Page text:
David Ruckman
Member

Good and fair review that doesn’t endlessly praise the game nor bash it. You gave this game the same score as Gravity Rush, a game I really like, but I don’t think I’ll get this when I get a PS4.

Chrinik
Guest
Chrinik
I agree with the camera and controls, the camera is an outright asshole and the controls take getting used too and still feel weighty, as they where going for a more realistic weight and interaction with ground objects. Some people will definately hate that. I, for one, had to get used to the fact that Triangle is jump…having not owned a Playstation before, X felt much more like the typical jump button. Trico was never an issue for me and I do believe there is a system behind it´s responsiveness based on player interaction, but my experimentation is not done… Read more »
Chrinik
Guest
Chrinik
Okay, experimentation progressed. I could not get Trico to misbehave on multiple playthroughs. I do believe that the issue stems from the fact that the game is unwilling to explain itself, instead relying on you to figure out shit by yourself through observation and patience…for example, the game never tells you that blue butterflies around you means there is a barrel somewhere…yet, it is a mechanic. So I believe it is simply some people figured out more how the game works quicker then others. One cannot assume that a reviewer should spend multiple play throughs to “git gud” with a… Read more »
ChloeWolfieGirl
Guest
ChloeWolfieGirl

It tries to teach you via showing rather then telling, when you get a barrel at the start of the game (there’s 4/5 I beleive) there’s always butterflys flying off the barrel when you pick them up, the game trying to teach you that butterflys mean barrels, It just doesn’t do it well for everything it wants to teach you.

Uldihaa
Member

‘X’ or ‘O’ are typically jump buttons even on the Playstation. Off-hand, I can’t think of another PS game that used Triangle as the jump.

ChloeWolfieGirl
Guest
ChloeWolfieGirl

I beleive Kingdom hearts uses o or triangle, but there are quite a few which use o or triangle for jump when not x and considering its style of game I would have been surprised if x was to jump.

monkee-goro
Guest

Both the ico games before do. As someone who’s played all three, the control scheme felt natural instantly. I believe that was the intention.

Xarzith
Guest
Xarzith

Tomb Raider (PS1)

Dany Rivest Gaudreault
Guest
Dany Rivest Gaudreault

Bethesda games do

Van Howling
Guest
Van Howling

You can’t even spell…

Dany Rivest Gaudreault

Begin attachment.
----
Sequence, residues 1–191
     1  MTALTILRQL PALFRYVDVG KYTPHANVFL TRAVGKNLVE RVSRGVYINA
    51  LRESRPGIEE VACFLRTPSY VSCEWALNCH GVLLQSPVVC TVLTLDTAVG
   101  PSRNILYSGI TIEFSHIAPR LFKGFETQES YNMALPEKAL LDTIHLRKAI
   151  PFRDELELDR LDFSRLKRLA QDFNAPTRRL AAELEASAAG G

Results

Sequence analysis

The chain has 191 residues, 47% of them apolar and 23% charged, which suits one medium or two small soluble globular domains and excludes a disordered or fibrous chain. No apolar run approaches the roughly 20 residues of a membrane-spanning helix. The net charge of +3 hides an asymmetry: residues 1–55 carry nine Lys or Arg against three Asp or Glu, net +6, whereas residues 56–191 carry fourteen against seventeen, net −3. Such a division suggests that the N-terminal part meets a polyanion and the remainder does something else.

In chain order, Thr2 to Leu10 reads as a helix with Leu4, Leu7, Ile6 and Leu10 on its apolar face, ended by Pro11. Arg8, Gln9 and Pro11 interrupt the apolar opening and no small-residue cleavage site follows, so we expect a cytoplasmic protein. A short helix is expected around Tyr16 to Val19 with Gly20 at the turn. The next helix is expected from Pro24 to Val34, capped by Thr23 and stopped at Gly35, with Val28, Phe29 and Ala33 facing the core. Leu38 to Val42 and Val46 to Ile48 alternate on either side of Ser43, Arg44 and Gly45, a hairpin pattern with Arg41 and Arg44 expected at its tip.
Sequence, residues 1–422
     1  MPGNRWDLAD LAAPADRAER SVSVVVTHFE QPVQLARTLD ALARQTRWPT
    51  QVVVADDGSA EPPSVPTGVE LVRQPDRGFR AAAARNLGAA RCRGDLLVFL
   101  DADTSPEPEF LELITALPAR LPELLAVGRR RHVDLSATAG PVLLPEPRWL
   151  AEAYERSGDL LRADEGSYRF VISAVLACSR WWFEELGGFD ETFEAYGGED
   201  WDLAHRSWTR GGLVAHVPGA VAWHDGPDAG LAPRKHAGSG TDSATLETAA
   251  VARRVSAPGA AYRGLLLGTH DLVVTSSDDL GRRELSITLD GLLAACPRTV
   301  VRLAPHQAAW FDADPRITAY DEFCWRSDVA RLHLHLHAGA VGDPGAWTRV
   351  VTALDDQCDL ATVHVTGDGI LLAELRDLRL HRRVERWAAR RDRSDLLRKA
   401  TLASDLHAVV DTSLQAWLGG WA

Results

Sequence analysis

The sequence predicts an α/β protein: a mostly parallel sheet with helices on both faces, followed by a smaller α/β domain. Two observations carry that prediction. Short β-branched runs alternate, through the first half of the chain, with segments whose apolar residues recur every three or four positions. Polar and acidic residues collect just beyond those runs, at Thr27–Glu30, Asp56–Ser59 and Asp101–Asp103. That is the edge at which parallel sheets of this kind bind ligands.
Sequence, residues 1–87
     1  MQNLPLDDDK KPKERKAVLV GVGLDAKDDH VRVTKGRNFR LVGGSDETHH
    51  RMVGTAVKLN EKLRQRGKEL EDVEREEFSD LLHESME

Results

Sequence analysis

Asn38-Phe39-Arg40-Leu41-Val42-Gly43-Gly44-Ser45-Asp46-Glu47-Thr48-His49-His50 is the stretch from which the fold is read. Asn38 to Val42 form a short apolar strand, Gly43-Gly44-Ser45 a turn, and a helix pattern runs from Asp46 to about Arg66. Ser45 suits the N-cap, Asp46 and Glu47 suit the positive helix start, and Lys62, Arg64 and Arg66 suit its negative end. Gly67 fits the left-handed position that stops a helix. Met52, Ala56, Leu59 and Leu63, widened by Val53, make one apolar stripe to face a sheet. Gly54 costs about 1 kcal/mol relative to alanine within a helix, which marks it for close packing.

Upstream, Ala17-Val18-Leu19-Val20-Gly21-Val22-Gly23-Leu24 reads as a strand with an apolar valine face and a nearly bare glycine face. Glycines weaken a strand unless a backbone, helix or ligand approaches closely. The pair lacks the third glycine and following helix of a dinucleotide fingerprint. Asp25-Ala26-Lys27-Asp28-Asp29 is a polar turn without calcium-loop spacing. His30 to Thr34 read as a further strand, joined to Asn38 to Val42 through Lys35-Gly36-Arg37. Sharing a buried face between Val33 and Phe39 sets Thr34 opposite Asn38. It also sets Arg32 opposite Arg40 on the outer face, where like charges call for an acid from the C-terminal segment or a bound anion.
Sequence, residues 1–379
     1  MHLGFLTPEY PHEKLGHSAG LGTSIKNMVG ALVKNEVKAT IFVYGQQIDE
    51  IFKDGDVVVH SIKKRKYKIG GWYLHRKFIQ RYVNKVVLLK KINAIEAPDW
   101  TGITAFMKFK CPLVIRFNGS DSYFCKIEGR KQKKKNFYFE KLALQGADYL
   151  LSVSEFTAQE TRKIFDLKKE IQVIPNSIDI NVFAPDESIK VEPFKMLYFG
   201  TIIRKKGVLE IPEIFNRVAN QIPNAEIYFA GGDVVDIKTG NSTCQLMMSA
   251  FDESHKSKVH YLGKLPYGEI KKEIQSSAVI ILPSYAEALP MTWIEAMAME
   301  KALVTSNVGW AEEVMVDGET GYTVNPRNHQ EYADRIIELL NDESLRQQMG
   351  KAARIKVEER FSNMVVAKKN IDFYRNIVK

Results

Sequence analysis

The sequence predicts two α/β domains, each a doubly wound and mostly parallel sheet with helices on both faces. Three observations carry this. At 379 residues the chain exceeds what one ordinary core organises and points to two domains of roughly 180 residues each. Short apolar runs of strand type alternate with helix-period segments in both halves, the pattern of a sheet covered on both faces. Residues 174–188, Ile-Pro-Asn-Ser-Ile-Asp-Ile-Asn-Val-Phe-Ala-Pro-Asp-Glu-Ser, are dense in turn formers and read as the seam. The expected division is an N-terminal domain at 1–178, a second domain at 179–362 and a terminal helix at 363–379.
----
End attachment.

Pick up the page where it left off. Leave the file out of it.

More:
Guest
Dany Rivest Gaudreault

????

Phoenix Bruce
Guest
Phoenix Bruce

You can remap every button on the PS4.

Cinebeast
Guest

Wait, really? Holy crap.

Phoenix Bruce
Guest
Phoenix Bruce

Yeah, you can find it under accessibility options, it’s been there over a year now.

CaitSeith
Guest
CaitSeith

Just to note, not in the in-game options. Unlike the previous titles, it must configured in the PS4 settings. Had I knew before… Now sometimes I press the triangle to jump by mistake in other PS4 games. Thanks, TLG.

Phoenix Bruce
Guest
Phoenix Bruce

It’s been a feature on PS4 for over a year now. I change the controls on just about every game. No more L3 for sprinting in shooters ever again. And, usually it’s the only way to make L1+R1 aim & shoot in shooters.

CaitSeith
Guest
CaitSeith

Finally finished the game, and after seeing from where the barrels come, I just said: OMG, that was unexpectedly messed up!

Kevin Fredericks
Guest
Kevin Fredericks

i am not convinced that the the barrels are as nefarious as you are describing. Is there a mechanism that converts the payload into barrels? or are the barrels pavlovian rewards to keep the children coming regardless of the children’s fate?

CaitSeith
Guest
CaitSeith

It certainly is never explicitly explained. But when kids covered in bright green goo go in and barrels with green bright content come out, the most logical explanation is to connect the dots.

Guest
Guest
Guest
While video gaming increasingly resembles a fundamentalist religion, it’s refreshing to hear a voice of dissent. The extent to which Team Ico are revered, based on two games released a very long time ago is as nauseating as the extent to which some people appear to have deluded themselves that TLG is everything they were hoping. Let’s not forget that this game requires a PS4 Pro to achieve a solid 1080p30 (see Digital Foundry for their assessment). Playing this on a regular PS4 means you’re getting a sub 30fps experience, which perhaps accounts for the sluggishness and apparent lack of… Read more »
Uncle
Guest
Uncle

Somehow I have a felling that your favorite company is Nintendo and praise every rehash of Mario, Zelda, Metroid, Kirby and DK.
Tell us the truth.

ImaLemming
Guest
ImaLemming
Warning: I’m going to get needlessly bitter in this post. The “best” part of Team ICO’s fanbase defending and dismissing criticism of the games is they will happily call out other games for the same problems. The most common discussion I’m seeing with Last Guardian is complaints of Trico’s unresponsiveness followed up with “It’s realistic! Trico is supposed to ignore you, animals don’t always listen to you!” People also defended the awkward horse controls in Shadow of the Colossus with “But it’s like you’re really riding a horse!” Um, I wasn’t aware you normally controlled horses with a stick and… Read more »
monkee-goro
Guest